Evolution and consequences of multidrug resistant ribosome

Project: Research project

Project Details


Dimethylation of a universally conserved adenine, A2058, in bacterial rRNA causes cross-resistance against all three critically important families of antibiotics (macrolides, lincosamides, and streptogramins (MLS)). A2058 dimethylation occludes MLS from the ribosome, thereby allowing normal protein biosynthesis and bacterial growth. The thirty-five classes of Erm methyltransferases responsible for A2058 dimethylation are invariantly encoded by a two-gene operon preceded by a short ribosome stalling leader. These short stalling peptides considerably vary in size and sequence composition. The functional and evolutionary connections between the stalling sequence and its cognate erm gene are poorly understood. A previous ‘ribosome stalling’ model suggests that macrolide-mediated translational stalling of the leader sequence is required for the upregulation of downstream cotranscribed erm, but clinical surveillance and our data indicate the existence of an alternative pathway. Our unpublished data further show that collateral sensitivity to unrelated antibiotics, reduction in virulence gene expression, accumulation of inactive ribosomes, and loss of in vivo fitness are all part of the trade-offs associated with the A2058 dimethylated ribosome. The exact mechanistic links between these traits are unknown. There is also an unmet need to understand the mechanism by which Erm recognizes and acts on 23S rRNA. This proposal will use a multi-pronged approach consisting of high-precision next-generation sequencing, bacterial genetics, proteomics, comparative genomics, biochemistry and structural biology to address three central questions: What are the underlying mechanisms of the trade-offs conferred by the A2058 dimethylated ribosome? How does the erm operon evolve, and how is the expression of erm regulated? How does Erm find its target substrate RNA? Addressing these questions will offer significant mechanistic insight into new antimicrobial strategies tailored to disrupt these biochemical interactions and regulatory pathways.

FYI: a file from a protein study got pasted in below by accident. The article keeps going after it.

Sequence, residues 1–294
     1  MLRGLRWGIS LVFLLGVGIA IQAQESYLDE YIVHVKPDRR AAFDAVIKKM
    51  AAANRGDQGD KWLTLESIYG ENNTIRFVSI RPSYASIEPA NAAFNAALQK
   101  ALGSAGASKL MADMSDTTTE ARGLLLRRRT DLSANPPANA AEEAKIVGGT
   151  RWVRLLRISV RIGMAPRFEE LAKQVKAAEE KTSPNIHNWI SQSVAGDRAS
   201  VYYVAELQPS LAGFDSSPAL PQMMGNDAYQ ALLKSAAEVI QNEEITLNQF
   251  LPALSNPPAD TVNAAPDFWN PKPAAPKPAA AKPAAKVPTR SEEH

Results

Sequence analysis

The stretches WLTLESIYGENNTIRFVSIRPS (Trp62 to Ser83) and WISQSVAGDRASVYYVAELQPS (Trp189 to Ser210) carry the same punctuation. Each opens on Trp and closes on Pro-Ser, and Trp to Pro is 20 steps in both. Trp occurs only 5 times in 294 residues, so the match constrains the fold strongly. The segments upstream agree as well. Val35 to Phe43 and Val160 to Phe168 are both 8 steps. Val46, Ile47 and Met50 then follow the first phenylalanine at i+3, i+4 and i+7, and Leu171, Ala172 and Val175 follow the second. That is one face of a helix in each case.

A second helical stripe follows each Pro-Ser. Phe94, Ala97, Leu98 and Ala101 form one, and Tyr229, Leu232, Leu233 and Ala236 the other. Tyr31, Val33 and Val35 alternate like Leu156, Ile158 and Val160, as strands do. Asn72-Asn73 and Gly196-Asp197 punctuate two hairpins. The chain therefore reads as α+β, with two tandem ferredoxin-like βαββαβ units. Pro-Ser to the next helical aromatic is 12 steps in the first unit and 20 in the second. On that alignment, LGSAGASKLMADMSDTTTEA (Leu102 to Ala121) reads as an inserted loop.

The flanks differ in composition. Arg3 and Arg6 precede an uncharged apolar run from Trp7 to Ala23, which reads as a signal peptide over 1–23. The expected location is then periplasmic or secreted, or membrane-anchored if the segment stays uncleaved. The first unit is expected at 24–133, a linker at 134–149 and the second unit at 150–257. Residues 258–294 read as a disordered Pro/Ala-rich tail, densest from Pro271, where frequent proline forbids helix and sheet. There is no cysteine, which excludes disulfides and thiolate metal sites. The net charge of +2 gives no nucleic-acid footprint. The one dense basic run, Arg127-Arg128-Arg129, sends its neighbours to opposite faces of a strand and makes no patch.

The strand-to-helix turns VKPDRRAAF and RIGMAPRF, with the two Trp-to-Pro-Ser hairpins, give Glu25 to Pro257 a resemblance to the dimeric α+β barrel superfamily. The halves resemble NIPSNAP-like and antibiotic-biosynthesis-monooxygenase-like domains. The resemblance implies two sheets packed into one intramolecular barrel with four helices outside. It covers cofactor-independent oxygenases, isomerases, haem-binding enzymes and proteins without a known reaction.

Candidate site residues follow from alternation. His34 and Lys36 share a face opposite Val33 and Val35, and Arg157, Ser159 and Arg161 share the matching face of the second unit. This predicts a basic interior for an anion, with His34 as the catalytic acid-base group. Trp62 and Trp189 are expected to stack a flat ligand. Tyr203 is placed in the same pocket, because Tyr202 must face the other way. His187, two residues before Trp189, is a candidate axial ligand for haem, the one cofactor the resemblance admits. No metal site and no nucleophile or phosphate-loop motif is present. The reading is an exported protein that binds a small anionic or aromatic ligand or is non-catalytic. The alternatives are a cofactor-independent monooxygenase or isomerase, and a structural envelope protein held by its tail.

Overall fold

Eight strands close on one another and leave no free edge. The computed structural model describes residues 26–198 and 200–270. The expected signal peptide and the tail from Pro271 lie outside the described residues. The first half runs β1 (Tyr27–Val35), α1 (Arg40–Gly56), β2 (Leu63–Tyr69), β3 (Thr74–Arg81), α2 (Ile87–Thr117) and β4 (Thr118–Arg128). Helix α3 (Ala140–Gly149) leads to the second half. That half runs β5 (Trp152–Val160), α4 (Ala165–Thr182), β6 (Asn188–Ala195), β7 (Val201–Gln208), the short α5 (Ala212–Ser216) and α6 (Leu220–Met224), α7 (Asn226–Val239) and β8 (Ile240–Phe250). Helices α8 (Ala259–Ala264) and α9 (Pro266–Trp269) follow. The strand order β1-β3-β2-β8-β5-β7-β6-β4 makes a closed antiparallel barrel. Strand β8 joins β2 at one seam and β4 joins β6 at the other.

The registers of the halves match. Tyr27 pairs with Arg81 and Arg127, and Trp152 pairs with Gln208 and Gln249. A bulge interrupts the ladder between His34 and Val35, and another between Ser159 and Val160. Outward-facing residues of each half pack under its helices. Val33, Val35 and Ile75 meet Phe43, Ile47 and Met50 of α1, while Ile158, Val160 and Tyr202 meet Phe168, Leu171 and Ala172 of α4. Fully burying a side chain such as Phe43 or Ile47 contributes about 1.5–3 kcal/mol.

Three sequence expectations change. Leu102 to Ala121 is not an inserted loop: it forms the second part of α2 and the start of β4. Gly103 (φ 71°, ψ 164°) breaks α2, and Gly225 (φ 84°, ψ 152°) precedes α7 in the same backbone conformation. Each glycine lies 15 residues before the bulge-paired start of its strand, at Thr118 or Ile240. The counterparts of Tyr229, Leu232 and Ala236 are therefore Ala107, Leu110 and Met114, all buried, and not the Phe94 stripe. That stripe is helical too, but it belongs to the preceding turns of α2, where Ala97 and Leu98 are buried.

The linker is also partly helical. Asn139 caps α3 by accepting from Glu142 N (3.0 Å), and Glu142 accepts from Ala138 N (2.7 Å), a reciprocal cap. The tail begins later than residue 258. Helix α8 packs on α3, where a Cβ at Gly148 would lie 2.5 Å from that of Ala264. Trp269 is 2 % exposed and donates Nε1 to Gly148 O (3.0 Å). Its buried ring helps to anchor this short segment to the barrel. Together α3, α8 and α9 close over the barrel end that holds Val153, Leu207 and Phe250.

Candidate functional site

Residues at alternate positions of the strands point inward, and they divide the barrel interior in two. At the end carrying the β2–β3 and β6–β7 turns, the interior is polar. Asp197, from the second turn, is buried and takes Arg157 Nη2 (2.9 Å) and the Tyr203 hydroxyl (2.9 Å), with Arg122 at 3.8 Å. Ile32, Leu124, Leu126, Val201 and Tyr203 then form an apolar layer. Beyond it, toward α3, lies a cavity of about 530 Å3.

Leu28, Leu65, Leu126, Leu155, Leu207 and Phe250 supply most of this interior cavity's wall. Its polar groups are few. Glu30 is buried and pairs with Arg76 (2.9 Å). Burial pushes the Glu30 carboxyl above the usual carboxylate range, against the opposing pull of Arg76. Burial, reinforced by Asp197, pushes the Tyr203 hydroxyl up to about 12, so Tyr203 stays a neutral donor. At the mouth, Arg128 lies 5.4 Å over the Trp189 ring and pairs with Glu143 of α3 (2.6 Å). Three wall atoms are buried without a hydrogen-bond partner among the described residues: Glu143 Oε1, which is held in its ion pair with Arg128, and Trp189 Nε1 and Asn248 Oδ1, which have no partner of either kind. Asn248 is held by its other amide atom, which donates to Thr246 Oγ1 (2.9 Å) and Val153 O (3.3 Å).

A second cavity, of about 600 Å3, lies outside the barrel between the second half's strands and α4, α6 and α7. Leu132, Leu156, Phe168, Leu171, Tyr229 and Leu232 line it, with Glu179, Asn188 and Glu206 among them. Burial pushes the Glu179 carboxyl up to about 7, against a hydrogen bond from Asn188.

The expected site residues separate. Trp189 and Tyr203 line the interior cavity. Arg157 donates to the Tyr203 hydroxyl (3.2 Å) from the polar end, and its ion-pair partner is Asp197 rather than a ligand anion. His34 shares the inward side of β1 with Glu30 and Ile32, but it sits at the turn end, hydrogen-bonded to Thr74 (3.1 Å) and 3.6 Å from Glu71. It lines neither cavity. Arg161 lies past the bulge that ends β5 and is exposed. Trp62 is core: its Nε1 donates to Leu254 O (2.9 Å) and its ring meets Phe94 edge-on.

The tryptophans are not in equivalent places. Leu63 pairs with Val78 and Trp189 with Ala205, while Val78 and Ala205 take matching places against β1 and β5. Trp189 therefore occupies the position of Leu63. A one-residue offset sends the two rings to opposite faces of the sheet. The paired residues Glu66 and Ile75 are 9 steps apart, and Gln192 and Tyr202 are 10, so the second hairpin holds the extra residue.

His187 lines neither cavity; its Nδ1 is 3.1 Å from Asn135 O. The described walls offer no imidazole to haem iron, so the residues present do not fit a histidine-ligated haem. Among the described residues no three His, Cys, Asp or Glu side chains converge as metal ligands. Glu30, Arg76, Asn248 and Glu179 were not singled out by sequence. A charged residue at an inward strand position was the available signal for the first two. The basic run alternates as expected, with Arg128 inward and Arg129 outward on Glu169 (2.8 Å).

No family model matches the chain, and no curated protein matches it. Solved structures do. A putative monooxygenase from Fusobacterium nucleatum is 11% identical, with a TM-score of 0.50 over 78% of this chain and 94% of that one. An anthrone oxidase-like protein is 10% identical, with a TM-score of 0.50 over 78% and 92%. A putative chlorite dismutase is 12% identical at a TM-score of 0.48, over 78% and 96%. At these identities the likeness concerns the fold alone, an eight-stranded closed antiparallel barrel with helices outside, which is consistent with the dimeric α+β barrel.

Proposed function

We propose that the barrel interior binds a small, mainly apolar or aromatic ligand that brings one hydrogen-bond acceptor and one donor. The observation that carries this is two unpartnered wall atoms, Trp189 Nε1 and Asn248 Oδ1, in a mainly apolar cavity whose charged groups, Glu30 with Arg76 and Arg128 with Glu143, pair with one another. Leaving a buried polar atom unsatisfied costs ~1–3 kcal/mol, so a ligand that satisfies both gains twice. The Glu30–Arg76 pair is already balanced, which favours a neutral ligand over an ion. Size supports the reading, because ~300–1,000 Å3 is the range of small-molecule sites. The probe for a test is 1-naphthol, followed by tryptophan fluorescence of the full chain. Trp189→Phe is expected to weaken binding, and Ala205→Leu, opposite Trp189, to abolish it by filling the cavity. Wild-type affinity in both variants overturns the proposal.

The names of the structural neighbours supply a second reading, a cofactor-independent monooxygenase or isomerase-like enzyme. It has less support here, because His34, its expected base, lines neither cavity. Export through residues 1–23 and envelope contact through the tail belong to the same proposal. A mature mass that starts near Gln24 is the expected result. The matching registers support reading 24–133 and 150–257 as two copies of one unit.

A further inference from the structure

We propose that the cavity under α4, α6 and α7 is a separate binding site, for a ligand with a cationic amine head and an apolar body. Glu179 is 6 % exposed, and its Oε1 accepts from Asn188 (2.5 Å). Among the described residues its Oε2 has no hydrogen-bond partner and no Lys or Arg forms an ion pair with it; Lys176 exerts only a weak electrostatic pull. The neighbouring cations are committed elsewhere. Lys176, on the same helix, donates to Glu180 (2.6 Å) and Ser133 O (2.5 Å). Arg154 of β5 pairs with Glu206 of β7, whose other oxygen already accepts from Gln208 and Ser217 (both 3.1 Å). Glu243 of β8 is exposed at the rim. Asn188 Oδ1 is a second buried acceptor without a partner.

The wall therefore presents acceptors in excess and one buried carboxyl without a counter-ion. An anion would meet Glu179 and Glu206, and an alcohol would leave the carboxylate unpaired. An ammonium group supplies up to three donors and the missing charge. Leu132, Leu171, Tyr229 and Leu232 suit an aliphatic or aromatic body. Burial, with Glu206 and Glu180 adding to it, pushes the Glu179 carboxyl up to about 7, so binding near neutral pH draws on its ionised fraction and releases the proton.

Effective start/end date9/16/208/31/25


  • National Institute of Allergy and Infectious Diseases (5R01AI150986-04)


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